The family of Spalding dad-of-two Warren Free (42) say they have been left “deeply unhappy” after a trial which saw six teenagers cleared of both his murder and manslaughter.
In a statement released at the end of a five-week trial at Lincoln Crown Court, the family described Mr Free as a “vulnerable” man who lost his life in terrible circumstances.
The jury of six men and six women spent over 27 hours, spread over seven days, deliberating before returning their verdicts on Friday.
The youngsters, including three 14-year-olds, were alleged to have attacked Mr Free after he confronted them late at night over noise and vandalism.
Stuart Trimmer QC , prosecuting, told the jury that Mr Free was tripped from behind and then punched, kicked and stamped on before a 15-year-old girl struck him four times over the head with an iron pole the youngsters had snatched from him.
Mr Free returned to his home in Coronation Close, Spalding, and went to bed but friends were later unable to rouse him.
An ambulance was called and he was airlifted to hospital in Nottingham but passed away within 24 hours from a brain injury.
Mr Free was an “intimidated and traumatised” man after suffering a violent attack 11 years before his eventual death, his family have claimed.
In a statement given to the Lincolnshire Free Press after six teenagers were cleared on Friday of the murder and manslaughter of Mr Free last August, his family said they had been left “deeply unhappy” following the trial.
The family also described Mr Free as a “kind and generous man” who valued his privacy, becoming a “recluse” who constantly lived in fear of being attacked again.
“Warren was a kind, generous man who enjoyed his privacy,” the statement read.
“Although he treasured his private life, it is important to us that you understand Warren’s past and why he became so vulnerable. In 2003, Warren suffered a vicious attack where he was struck repeatedly from behind as he tried to run away from the assailant.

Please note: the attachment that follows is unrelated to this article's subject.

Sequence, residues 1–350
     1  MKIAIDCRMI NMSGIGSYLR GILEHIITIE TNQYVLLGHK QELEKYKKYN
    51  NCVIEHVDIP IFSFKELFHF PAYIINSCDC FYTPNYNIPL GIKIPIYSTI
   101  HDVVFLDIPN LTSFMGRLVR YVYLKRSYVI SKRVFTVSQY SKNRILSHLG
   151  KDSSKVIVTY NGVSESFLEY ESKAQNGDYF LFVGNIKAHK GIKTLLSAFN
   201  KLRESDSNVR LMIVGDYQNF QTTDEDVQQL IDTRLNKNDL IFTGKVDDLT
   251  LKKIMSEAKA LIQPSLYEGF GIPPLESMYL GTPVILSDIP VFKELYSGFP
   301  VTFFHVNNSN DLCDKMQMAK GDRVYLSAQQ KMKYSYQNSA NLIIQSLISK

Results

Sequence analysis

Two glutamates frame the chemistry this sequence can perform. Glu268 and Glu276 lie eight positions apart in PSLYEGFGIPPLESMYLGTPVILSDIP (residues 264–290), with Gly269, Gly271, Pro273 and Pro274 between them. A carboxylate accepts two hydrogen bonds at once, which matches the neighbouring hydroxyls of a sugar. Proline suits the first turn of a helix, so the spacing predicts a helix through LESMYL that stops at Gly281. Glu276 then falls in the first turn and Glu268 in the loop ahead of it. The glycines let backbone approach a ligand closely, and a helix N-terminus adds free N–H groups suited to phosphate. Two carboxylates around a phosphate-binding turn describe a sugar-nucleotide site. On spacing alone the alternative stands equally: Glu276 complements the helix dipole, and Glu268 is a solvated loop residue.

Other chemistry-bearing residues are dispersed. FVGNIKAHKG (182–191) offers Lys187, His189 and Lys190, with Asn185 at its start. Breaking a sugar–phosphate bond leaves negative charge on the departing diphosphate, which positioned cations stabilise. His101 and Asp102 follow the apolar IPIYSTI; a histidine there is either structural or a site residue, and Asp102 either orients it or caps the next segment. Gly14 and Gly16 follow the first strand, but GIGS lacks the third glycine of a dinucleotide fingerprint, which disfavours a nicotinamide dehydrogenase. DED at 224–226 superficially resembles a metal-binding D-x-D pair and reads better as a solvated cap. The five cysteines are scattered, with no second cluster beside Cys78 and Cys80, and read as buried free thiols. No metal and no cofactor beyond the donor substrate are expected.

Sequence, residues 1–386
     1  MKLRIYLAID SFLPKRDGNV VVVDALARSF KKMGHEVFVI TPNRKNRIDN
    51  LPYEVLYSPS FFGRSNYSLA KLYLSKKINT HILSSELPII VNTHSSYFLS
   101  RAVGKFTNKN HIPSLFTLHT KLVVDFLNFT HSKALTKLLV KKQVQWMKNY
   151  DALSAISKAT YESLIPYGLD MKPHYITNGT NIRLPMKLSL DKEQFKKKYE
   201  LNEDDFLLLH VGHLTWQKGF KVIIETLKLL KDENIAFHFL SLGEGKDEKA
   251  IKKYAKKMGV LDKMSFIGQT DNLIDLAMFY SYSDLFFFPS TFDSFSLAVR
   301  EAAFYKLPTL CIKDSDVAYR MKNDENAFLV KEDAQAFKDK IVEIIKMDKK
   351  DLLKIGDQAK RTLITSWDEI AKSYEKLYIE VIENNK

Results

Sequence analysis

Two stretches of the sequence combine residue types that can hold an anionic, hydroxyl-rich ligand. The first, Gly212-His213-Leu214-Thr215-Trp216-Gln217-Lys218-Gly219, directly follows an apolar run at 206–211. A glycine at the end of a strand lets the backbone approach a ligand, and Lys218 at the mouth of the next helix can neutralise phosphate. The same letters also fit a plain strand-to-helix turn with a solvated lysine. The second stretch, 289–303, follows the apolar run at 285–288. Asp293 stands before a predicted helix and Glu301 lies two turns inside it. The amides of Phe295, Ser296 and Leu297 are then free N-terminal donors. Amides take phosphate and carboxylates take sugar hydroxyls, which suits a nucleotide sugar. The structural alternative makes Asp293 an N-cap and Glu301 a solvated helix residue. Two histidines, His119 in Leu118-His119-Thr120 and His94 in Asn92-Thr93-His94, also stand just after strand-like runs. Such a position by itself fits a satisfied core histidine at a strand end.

“After this attack, Warren developed post-traumatic stress disorder where he seemed to find himself in the wrong place at the wrong time throughout his life.
“Warren was so traumatised by his attack in 2003 that he rarely left the house, scared of being attacked again from behind.
“He found crowded places incredibly intimidating and avoided putting himself in that position at all costs.
“The attack also left Warren with deep scars on his head, epilepsy and the partial loss of sight in his right eye meaning the image he now presented was different from the norm which made him stand out from the crowd.
“In July 2014 as the summer holidays started, Warren began to be bullied by some of the children in the area.
“He was shouted at, called names and laughed at whenever he left the house to go to the local shops until, one day, Warren had had enough of the taunting and shouted back to one of the children asking them how old they were.
“They replied ‘15’ which upset Warren because, having a son of 13 himself, it troubled him that children so young could act in this way.
“Warren called us that evening to tell us what had happened and to ask for our advice.
“But after this incident, Warren became more of a recluse and kept himself and his son Adam inside.
“In August 2014, Warren heard banging and shouting in his back garden and on going outside, he witnessed his back fence being kicked down.
“Warren’s biggest fear was being targeted from behind and this panicked him but shortly afterwards, my two grandchildren sadly lost their father.”
Despite their unhappinessfollowing the case, Mr Free’s family had no complaints about how it was handled by the police and prosecution barristers.
“The Crown Prosecution Service presented an honest and factual case based on the law of joint enterprise,” the statement continued.
“The attack on Warren was a violent assault lasting no longer than a few minutes in which he suffered over 50 injuries.
“However, Warren’s death was caused by only one fatal blow that night and it was on this fact that the defence fought the case, arguing that it was impossible to distinguish which individual had inflicted the fatal blow.
“We are deeply unhappy but, as a family, we would like to thank the police from many forces who pulled together to present Warrens case.
“Our appreciation also goes out to all the people of Spalding who have shown their support.
“Warren was a loving member of our family and he will be greatly missed by everyone who knew him.”